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Situated in what one could call the Little India of Montreal, Bombay Mahal is at the centre of all the commotion. Competition is fierce for customers craving Indian food in the area, with the likes of Curry House right across the street and places like the Chand Palace, Punjab Palace, Moti Mehal and India’s Oven (the list goes on) beckoning on every street corner and nook and cranny of Parc Extension.
Known to locals as the best soup dumpling place in Montreal, Qing Hua has taken note and expanded its operations to better service its clients, this time branching off from its original Lincoln location to the Chinatown area. It’s not a far stretch. With the chefs in the back making the dough fresh, stuffing them with readily prepared ingredients and working their magic to allow the soup to permeate the dumpling skin and give it a nice amount of flavor, each dumpling is just delicious.
Kam Fung is probably the only respectable dim sum place in Montreal. That being said, it is important to note that there are only two locations where you can get your fill: one in Chinatown and a much larger counterpart in Brossard. Both are ridiculously busy during the lunch hour, especially on weekends. With lineups that you would not believe, it is advisable to head over for an early lunch and show up no later than 11 am, that is, if you don’t want to wait. As far as I know, that’s true for the downtown location. In Brossard, you’re playing a whole different game – with a greater Asian population in the surrounding areas, the place is in high demand and the competition to get a table is fierce. The wait system involves telling the hostess the number in your party, getting a ticket and waiting for her to yell out your number over a PA system. The place is loud, filled with children, large families and couples (mostly Asian, but non-Asians have begun to trickle in) sitting around round tables, mostly yelling, gesticulating with chopsticks and stuffing their faces.
As soon as we sat down, the feast began. The cart ladies are hawks – don’t be fooled, because they know exactly what’s going on: who’s not been served, who’s about to leave, who’s going to order more and who’s not had what they’re serving. And if they’re ignoring you, well… you’re going to have to flag them down by wildly waving or shouting at them. Yes, they can be intimidating, but don’t be shy! We started with the classic taro puff pastries stuffed with pork. Delicate and crispy on the outside, soft and gooey on the inside, the dish is more filling than you would expect. The combination of taro and meat is unlike any other – just divine. Next came the pork, shrimp and chive dumplings and the spring rolls, both fried to perfection. The tripe with ginger and shallot and the chicken feet are some of my favorite dishes – pretty much get these every time. The tripe is slightly rubbery and has a nice crunch to it and the chicken feet are mostly skin, cartilage and tendon. Yes, there are a lot of little bones – you’ll have to spit a few out with every bite, but I can never resist this dish. It’s a childhood favorite and it’s too good not to get! We had the usual shrimp dumplings – steamed in a way so that the rice wrapping remains moist and tender and the shrimp stays hot. The pork dumplings with shrimp and coriander were treated similarly aka also very delicious. Also got the bean curd roll with chicken and vegetable, pork and preserved egg congee – a light, hot rice based porridge with thousand year eggs (love, love, love!), as well as a rice noodle roll stuffed with fried bread traditional in Chinese cuisine.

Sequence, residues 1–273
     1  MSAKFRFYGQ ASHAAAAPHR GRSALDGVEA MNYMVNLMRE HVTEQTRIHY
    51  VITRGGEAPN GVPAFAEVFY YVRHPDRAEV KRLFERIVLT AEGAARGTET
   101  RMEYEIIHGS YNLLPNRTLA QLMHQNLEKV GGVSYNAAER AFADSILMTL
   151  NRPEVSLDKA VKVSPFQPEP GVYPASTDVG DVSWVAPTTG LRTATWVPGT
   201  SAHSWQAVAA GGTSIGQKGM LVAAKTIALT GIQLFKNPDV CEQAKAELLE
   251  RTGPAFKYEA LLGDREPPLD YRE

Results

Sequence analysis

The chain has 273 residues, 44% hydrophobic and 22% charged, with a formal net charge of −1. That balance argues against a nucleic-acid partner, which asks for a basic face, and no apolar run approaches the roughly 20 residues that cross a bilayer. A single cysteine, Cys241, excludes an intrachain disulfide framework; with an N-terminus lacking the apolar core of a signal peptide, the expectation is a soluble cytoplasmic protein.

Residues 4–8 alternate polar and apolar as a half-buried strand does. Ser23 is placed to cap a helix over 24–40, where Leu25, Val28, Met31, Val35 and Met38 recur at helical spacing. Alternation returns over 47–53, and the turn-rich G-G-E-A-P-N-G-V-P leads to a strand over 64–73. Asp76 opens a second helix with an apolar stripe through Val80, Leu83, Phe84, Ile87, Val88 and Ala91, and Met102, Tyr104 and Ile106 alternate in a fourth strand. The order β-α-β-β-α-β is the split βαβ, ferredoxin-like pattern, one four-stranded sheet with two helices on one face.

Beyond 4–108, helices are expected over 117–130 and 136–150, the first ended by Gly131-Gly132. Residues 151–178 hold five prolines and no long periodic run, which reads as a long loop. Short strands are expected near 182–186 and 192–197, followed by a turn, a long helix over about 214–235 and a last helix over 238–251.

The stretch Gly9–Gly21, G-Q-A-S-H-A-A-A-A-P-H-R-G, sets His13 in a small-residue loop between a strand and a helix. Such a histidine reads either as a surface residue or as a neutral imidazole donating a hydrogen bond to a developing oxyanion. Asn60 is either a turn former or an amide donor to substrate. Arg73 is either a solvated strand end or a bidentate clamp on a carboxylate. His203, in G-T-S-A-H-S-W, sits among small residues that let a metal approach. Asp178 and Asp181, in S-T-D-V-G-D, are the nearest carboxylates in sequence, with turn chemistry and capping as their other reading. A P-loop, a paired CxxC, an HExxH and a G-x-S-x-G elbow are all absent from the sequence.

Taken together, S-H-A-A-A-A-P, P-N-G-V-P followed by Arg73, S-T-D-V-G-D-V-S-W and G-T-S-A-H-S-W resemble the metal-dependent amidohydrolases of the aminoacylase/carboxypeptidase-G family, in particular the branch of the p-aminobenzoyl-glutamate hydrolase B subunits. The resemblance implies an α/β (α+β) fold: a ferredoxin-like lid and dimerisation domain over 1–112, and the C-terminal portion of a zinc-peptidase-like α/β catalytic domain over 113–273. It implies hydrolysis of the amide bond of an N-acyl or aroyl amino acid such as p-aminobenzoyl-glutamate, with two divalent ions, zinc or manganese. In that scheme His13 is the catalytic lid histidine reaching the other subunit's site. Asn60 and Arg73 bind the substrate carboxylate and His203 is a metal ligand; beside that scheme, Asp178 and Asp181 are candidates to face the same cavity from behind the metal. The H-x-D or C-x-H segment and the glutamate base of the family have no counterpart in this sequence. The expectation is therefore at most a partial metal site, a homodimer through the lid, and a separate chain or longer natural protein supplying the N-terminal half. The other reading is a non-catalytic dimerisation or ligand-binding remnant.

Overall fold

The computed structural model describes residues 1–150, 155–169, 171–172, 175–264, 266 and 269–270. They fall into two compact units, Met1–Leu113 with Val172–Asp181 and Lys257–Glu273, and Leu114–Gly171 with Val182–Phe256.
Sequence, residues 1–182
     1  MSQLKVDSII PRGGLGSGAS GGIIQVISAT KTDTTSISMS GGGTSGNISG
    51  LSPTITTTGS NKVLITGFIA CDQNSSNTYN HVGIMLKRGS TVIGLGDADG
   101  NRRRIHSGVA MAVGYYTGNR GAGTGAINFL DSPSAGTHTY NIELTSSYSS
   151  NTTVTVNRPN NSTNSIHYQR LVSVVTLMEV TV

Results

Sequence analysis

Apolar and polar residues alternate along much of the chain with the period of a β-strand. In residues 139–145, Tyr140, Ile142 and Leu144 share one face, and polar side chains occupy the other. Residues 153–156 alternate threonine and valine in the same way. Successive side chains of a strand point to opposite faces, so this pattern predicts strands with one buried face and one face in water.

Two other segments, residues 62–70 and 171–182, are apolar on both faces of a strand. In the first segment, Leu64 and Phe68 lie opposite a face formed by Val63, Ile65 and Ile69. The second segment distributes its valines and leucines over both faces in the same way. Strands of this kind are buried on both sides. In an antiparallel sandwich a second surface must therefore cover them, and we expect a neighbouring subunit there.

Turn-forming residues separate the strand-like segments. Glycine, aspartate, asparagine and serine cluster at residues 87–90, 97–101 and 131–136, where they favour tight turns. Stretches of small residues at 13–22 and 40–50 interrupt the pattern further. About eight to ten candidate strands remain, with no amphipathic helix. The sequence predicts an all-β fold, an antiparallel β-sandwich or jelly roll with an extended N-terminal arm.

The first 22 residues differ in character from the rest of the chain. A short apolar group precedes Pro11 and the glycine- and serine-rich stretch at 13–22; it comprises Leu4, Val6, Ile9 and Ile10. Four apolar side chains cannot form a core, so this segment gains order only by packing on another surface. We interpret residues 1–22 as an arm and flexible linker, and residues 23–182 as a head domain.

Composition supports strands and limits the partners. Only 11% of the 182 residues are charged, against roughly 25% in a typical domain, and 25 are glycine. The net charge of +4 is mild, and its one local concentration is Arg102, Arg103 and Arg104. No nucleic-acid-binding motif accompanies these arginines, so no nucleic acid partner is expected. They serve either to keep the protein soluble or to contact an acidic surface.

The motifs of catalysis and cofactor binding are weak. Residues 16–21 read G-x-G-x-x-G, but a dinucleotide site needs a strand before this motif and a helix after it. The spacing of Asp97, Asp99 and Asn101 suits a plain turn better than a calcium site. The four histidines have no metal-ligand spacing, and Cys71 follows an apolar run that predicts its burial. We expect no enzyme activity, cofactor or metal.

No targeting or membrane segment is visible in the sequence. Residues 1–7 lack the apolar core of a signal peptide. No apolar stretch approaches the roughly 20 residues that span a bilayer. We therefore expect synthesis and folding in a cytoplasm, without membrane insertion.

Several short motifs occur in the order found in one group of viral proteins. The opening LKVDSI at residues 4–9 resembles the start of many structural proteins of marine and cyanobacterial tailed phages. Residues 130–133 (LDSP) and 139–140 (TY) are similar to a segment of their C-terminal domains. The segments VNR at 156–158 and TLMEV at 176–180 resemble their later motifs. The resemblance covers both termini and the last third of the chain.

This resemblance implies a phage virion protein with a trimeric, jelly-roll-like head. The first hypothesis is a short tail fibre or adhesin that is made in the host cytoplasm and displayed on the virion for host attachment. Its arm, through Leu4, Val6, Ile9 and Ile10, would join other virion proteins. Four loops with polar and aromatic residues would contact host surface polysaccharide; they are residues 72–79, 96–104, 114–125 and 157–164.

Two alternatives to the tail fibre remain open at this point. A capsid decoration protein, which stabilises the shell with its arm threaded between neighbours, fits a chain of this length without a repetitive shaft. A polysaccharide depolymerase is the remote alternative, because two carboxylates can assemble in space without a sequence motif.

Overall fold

To finish up we had sesame balls with lotus inside which are a touch sweet, but not remotely cloying. It’s a great way to end the meal. Another equally satisfying dessert are the egg custard tarts. Yum!
PS The Chinatown location has been previously reviewed on the blog. Check it out here!
PPS People seem to hate on Kam Fung because of the service factor. This restaurant is not a place that highlights that aspect at all – it’s roll in and roll out. Go here for the dim sum experience and the food. That’s it!
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Way back when I first heard the La Iguana was closing, I was sad to see one of the few good Mexican restaurants in Montreal go. But now, with the opening of Ice House in its stead (literally in the exact same location) I think I may have found something even better!Only a block away from all the action on St. Laurent street, Roy is surprisingly quiet which is actually kind of nice for a more intimate dinner on a hot summer night. The place has barstools, wooden benches, convenient napkin dispensers (no cutlery given!) and an eclectic sense of decoration, with for example, a mounted rabbit with antlers attached just by the cash.
Located immediately next to Atwater Market’s parking lot in its open air market space, the Satay Brothers has been garnering a lot of buzz in the Montreal food scene lately – and rightfully so. Serving South Asian food, the menu is short but sweet and filled with authentic Singaporean items. Alex (one of the Satay Brothers) ordered for us after we asked him to give us the best of what they had.
Two hours away from Taipei (one if you drive quickly) there is a beautiful little restaurant off a back road called Wu Zhu Ju. The entranceway winds through a small garden full of bamboo shoots, a little stream and a tiny bridge. It is full of greenery and exotic flowers and it is also very quiet and zen-like. Natives that I went with truly appreciate the place for the authenticity of the Hakka style food as well as the chance to be around nature, a sort of getaway from the hustle and bustle of Taipei city.